and using the chain rule, we recover:

    $$1=v^2 \frac{dm}{dt} \frac{dt}{dE}+mv\frac{dv}{dt}\frac{dt}{dE}=v^2 \frac{dm}{dE}+mv\frac{dv}{dE}$$

    Rearranging:

    $$\frac{dm}{dE}=\frac{1}{v^2}-\frac{m}{v}\frac{dv}{dE}, (a)$$

    We now take the limit in which the energy E grows large. In that limit, v approaches c asymptotically and

    $$\dfrac{dv}{dE}$$
    approaches zero. In this limit we have:

    $$\dfrac{dm}{dE}= \dfrac{1}{c^2}$$

    My construct:

    I start at (a)

    $$\dfrac{dm}{dE}= \dfrac{1}{v^2}- \dfrac{m}{v}\dfrac{dv}{dE}$$

    rearranging:

    $$v^2dm+mvdv=dE $$

    $$E=[m]_{m_a}^{m_b}v_a^2+\dfrac{1}{2}[v^2]_{v_a}^{v_b}=m_b v_a^2+\dfrac{1}{2}m_av_b^2-m_a\dfrac{3}{2}v_a^2$$
    If $$m_b=10, m_a=9, v_b=3, v_a=2$$

    $$m_b\dfrac{1}{2}v_b^2-m_a\dfrac{1}{2}v_a^2=27$$

    $$m_b v_a^2+\dfrac{1}{2}m_av_b^2-m_a\dfrac{3}{2}v_a^2=26.5$$

    So I can not get this energy construct that I have made. When I asked a phd on a homework site I got this answer:

    https://www.scribd.com/document/352...ft500noi&source=impactradius&medium=affiliate

    Can anyone help me explain my problem about getting 26.5 and 27 for the same mass and velocity changes. Or clarify why this answer from the homework site was proving it wrong or right?
     
  6. Jul 3, 2017 #5

    PeterDonis

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    You are trying to integrate the LHS term by term, but you are doing it incorrectly. For example: you are using ##\int v^2 dm = v^2 m## (evaluated at the limits), but ##v## is a function of ##m## (because ##v## increases as ##m## increases), so you need the function ##v(m)## in order to do the integration. Similarly, in the second term, ##m## is a function of ##v##, so you need the function ##m(v)## to do the integration.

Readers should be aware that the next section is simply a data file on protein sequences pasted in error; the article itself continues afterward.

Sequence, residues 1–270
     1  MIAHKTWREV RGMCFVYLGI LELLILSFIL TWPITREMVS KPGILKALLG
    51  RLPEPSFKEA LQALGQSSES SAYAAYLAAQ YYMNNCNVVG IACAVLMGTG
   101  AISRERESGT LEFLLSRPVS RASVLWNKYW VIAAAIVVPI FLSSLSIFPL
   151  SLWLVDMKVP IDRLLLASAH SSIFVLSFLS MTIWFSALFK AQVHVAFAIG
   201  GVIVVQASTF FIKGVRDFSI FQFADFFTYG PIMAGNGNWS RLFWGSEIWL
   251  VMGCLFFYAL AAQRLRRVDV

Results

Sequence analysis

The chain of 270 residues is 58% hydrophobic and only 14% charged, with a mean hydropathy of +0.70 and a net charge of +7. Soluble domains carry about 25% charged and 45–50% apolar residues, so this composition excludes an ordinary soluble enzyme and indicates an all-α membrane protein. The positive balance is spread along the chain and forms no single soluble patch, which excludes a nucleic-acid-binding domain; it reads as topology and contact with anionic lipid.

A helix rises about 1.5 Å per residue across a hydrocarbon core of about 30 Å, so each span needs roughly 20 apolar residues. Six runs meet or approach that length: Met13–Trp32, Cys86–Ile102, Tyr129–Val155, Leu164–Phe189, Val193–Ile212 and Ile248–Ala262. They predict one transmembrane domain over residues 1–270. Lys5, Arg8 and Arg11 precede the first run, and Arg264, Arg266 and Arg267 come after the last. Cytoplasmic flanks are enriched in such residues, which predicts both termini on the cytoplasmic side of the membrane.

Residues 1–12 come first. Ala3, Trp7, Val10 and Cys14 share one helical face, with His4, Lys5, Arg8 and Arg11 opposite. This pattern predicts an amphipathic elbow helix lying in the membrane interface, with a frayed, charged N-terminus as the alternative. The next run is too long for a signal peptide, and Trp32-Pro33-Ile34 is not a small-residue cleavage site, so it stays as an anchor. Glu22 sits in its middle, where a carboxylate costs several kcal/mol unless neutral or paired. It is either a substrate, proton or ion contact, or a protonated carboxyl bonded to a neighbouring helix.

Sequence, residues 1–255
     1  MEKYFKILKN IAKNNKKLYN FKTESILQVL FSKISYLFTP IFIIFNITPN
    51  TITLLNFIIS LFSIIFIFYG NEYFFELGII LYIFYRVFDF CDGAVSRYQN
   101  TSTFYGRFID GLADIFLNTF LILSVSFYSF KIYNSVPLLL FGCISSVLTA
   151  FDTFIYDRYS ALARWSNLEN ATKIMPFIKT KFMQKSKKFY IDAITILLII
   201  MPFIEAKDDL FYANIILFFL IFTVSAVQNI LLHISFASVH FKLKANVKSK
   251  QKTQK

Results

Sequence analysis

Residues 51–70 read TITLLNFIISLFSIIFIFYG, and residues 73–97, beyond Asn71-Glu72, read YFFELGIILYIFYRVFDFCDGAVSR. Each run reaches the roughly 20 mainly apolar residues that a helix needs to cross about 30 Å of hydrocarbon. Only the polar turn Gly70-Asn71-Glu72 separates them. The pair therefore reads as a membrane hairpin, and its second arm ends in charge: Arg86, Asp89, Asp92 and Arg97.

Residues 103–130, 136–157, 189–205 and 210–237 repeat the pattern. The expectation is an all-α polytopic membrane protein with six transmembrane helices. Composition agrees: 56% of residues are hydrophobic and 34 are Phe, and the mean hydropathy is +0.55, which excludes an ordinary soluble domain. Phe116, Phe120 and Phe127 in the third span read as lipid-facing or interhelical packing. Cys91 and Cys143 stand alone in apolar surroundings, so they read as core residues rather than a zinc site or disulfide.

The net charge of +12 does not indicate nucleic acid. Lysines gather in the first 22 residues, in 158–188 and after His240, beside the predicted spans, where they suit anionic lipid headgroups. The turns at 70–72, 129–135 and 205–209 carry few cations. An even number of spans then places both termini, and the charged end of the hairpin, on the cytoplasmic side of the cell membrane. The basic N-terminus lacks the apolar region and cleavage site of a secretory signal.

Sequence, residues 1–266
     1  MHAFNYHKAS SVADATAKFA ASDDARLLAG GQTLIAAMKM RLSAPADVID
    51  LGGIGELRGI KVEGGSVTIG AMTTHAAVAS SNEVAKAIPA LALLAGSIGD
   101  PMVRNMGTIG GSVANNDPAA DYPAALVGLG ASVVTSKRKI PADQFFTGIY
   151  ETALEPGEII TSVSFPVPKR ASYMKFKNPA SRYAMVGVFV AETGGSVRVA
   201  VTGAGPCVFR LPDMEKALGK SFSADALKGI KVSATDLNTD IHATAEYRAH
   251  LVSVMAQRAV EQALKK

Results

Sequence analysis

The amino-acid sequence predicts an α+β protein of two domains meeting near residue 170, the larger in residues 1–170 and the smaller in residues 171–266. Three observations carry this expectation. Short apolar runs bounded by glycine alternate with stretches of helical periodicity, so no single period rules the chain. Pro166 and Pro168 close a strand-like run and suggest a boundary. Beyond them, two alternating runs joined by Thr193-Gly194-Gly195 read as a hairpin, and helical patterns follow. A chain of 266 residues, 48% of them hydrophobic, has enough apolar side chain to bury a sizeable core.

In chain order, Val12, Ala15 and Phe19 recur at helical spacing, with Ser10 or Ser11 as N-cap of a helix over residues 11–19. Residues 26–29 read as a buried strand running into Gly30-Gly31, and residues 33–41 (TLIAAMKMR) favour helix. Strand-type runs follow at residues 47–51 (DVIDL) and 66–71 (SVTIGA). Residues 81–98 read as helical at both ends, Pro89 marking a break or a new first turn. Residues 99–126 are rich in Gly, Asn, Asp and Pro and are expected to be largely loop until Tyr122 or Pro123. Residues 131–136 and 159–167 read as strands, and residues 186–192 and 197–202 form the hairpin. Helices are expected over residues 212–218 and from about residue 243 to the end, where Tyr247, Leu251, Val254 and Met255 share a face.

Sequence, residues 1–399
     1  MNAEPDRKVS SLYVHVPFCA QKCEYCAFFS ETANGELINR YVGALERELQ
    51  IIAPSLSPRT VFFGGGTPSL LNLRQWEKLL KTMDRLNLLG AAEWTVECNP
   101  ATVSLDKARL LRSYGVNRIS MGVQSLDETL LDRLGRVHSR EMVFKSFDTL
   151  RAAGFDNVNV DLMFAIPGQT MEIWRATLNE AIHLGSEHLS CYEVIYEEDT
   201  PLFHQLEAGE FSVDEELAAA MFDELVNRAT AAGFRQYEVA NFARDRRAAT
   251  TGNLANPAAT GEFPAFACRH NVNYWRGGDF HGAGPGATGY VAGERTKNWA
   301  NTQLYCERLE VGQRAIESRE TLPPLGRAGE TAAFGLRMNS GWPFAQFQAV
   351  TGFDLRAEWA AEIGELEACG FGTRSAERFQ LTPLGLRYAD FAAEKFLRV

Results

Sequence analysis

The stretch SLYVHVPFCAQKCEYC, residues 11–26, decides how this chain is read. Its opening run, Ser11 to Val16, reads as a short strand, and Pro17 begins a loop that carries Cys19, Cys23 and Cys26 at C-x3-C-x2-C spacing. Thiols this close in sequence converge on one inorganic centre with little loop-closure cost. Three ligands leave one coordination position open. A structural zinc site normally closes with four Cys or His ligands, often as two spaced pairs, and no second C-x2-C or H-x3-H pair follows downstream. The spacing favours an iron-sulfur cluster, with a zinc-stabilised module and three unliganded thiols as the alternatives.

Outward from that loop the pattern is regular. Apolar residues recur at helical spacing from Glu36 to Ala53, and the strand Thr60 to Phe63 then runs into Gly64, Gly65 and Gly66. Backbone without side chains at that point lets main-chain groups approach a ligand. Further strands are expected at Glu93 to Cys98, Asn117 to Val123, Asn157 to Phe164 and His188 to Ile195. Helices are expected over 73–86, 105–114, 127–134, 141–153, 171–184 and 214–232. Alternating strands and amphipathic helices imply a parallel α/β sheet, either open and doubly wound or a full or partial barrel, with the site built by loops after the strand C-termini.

Also, when you calculate the 27 answer, you are using the formula ##(1/2) m v^2## for kinetic energy; but that formula is not correct in relativity, even if you interpret ##m## as the relativistic mass. The correct formula, if you insist on using relativistic mass, is

    $$
    E_\text{kinetic} = m \left( 1 - \frac{1}{\gamma} \right) = m \left( 1 - \sqrt{1 - \frac{v^2}{c^2}} \right)
    $$

    Your real misconception, though, comes much earlier:

    You are using "mass" to mean "relativistic mass"--but relativistic mass is the total energy of the body. If you insist on just looking at kinetic energy, it is relativistic mass minus rest mass (that is what the formula I wrote above says), but the change in kinetic energy is the same as the change in total energy, so it is the same as the change in relativistic mass. So you are trying to go on a long roundabout path (and making missteps along the way) to get an answer that is just an obvious consequence of the definition of relativistic mass.
     
  7. Jul 3, 2017 #6
  8. Jul 3, 2017 #7
    As I do not see any justification for these assumptions this seems to be a postulate just to get the correct result. If this is allowed why not starting with

    [itex]F \cdot ds = dE: = k \cdot m[/itex]

    (where k is a constant that needs to be derived) or even E = m·c²?